It’s definitely true that the gameplay was lacking, and it did get a free pass on that from pretty much everyone, but it also did an amazing job of telling you about a location through the environment.

    It’s not like it’s amazing art, but something that basic is still rare enough in videogames to be precious.

    #12 2 years ago
  13. YoungZer0

    @11: Maybe i’ll go back, probably around the same time they release Half-Life 3.

    @12: But didn’t Fallout 3 and NV have all those moments where it would tell a story on environments alone?

    #13 2 years ago
  14. DSB

    @13 I don’t remember much from Fallout 3, but New Vegas did a pretty good job of it.

    #14 2 years ago
  15. absolutezero

    The newer Fallout titles were done on such a large scale that asset reuse really hurt what they tried to do with segments of passive story-telling.

    I still love the Dunwich building though, I wish more parts of New Vegas were like that. Alot of NV was really just tiresome moral grey area trudge work.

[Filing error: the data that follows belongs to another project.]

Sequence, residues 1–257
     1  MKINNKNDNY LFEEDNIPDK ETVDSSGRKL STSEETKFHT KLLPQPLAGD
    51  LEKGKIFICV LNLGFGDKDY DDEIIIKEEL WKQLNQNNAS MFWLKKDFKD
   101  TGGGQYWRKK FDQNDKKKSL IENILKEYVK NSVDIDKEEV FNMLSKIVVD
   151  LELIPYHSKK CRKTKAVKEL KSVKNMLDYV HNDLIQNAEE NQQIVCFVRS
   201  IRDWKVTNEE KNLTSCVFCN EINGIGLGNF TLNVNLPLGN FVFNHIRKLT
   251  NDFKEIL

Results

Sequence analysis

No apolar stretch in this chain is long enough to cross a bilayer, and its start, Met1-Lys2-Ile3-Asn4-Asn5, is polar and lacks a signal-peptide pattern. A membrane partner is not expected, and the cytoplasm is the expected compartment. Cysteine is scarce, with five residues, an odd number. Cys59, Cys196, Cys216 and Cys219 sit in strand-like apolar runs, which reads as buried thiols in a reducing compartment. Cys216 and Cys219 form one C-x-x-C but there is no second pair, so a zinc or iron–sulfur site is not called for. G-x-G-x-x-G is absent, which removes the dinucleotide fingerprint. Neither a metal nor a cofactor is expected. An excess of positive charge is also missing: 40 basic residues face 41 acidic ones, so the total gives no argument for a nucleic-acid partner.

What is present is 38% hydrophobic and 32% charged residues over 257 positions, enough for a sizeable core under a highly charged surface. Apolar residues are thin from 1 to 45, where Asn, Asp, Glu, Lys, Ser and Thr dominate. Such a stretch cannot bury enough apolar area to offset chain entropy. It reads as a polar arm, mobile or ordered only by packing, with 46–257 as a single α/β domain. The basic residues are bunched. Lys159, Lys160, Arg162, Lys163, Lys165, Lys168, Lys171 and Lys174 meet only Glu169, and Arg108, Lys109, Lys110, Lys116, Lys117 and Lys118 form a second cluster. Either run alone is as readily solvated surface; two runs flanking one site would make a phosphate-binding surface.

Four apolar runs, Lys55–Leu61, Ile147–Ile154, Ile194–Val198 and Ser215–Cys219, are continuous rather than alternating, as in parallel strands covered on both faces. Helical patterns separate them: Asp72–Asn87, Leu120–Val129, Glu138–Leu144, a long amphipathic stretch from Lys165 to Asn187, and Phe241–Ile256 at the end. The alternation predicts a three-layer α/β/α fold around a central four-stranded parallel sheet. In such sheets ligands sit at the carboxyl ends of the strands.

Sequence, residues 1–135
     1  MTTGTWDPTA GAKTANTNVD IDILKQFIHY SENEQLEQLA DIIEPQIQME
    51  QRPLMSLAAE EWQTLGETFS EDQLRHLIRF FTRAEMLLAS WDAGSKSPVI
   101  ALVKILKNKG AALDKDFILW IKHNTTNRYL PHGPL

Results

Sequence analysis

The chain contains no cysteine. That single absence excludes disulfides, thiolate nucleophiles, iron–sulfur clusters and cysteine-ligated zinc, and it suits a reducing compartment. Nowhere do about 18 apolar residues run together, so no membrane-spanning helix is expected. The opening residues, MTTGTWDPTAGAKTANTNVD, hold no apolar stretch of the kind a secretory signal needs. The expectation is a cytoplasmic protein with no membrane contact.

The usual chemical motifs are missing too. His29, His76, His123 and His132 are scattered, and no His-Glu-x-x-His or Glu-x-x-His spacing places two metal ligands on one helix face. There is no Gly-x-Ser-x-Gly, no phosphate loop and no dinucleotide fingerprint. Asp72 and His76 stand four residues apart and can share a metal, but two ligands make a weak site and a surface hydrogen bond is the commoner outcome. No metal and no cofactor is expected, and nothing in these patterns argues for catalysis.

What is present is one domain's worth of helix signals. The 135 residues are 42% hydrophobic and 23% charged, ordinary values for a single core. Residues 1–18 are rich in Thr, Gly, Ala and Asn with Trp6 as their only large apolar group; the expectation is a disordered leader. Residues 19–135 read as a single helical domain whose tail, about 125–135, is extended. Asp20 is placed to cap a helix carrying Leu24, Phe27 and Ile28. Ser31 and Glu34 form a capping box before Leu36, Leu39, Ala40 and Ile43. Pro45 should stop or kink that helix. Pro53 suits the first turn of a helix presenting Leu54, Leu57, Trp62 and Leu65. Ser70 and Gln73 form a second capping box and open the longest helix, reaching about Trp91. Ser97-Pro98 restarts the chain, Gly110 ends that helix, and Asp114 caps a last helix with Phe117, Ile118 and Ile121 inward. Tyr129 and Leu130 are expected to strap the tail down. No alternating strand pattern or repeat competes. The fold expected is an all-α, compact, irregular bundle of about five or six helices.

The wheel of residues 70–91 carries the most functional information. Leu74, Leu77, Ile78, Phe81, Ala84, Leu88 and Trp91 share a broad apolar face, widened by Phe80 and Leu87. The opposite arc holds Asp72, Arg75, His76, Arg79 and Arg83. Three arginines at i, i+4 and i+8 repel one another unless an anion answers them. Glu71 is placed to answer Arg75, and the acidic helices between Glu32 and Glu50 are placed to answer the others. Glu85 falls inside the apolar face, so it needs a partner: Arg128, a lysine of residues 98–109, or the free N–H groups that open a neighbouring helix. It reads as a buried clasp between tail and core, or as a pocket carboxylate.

#15 2 years ago
  16. YoungZer0

    @14: Yep, that is pretty much my opinion too. Although Fallout 3 seemed bigger, Fallout NV had more ‘special’ locations, every building i entered had a story to tell. The buildings were smaller, but much more focused. Fallout 3 felt like dirt in comparison. As if civilization never bothered cleaning up after the bombs. Everything was just huge with nothing in it but trash.

    I think Bethesda did a much better job with Skyrim.

    @15: I think that’s a fair point, but most of the time it still worked surprisingly well.

    #16 2 years ago
  17. PC_PlayBoy

    Day 1 on PC (obviously). The console versions are fucking gimped…

    #17 2 years ago